Berea College in Kentucky, US, has said it is the first higher education institution in the nation to complete construction of a hydroelectric generating plant, located at Lock and Dam 12 on the Kentucky River near Ravenna, with the small-scale demonstration project producing on average about half of the electricity the College uses on an annual basis.
Named the Matilda Hamilton Fee Hydroelectric Station after the first “First Lady” and a co-founder of Berea College, the $11 million energy project, is the result of a collaboration with Appalachian Hydro Associates (AHA), which provided the engineering and regulatory expertise. Others involved in the project include the Kentucky River Authority, Jackson Energy Cooperative, Wright Concrete & Construction of Pikeville, Kleinschmidt Group, and Xylem.
Berea College arranged funding for the project, investing some of its own funds and also making use of federal and Kentucky New Markets tax credits and investment tax credits through assistance from key financial partners Community Ventures Corporation; Midwest Renewable Capital Fund; Community Impact Fund; U.S. Bank, NA; Chase Bank and Hardscuffle, Inc.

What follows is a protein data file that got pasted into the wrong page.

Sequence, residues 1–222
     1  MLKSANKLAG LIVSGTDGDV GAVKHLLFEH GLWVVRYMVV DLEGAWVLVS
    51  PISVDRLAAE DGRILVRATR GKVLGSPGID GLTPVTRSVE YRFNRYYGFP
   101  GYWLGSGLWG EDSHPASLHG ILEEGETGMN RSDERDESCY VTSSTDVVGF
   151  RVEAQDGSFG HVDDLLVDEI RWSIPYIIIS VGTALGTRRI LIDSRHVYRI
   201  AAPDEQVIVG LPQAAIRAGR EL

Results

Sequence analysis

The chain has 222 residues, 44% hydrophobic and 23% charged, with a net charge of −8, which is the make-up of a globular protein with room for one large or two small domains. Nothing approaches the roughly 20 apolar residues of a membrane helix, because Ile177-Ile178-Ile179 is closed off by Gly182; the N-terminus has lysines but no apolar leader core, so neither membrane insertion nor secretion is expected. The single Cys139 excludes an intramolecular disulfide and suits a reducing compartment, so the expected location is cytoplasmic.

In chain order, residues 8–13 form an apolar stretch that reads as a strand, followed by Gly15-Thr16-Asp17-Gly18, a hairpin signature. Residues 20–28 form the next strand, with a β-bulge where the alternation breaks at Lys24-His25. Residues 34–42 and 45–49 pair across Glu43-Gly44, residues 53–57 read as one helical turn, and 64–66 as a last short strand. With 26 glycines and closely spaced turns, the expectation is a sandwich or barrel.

“This project has world-class engineering from AHA, Kleinschmidt and Xylem, and forward-thinking financial partners with the shared vision of a more sustainable future,” said Judge Wilson II, Berea College general counsel. “We are so thankful to everyone involved, including the Kentucky River Authority and our trustees, who have been very supportive from the beginning. Without these partnerships and support, this environmentally sustainable project could not have happened.”
Completed in late May, the plant will provide energy to hundreds of Jackson Energy Cooperative customers. In addition, the plant will create new learning opportunities for Berea College students while helping fulfill the college’s commitment to environmental sustainability.
The plant works by “shoe-horning” submersible turbine generators developed by Xylem into an abandoned navigational lock. The Lock 12 powerhouse contains five submersible generators, each producing 528kW, for a total plant size of 2.64MW. In addition, the demonstration project is the first hydroelectric plant in the nation to use variable speed technology.
“The hydroelectric generating plant shows that local green initiatives like this one can be financially feasible and create reliable sources of income and acceptable rates of return on investment,” said Berea College President Lyle Roelofs. “At the same time, it displays to our students and everyone else both the College’s commitment to environmental sustainability and the viability of state-of-the-art renewable energy technologies.”
Photo: Tyler Rocquemore ’22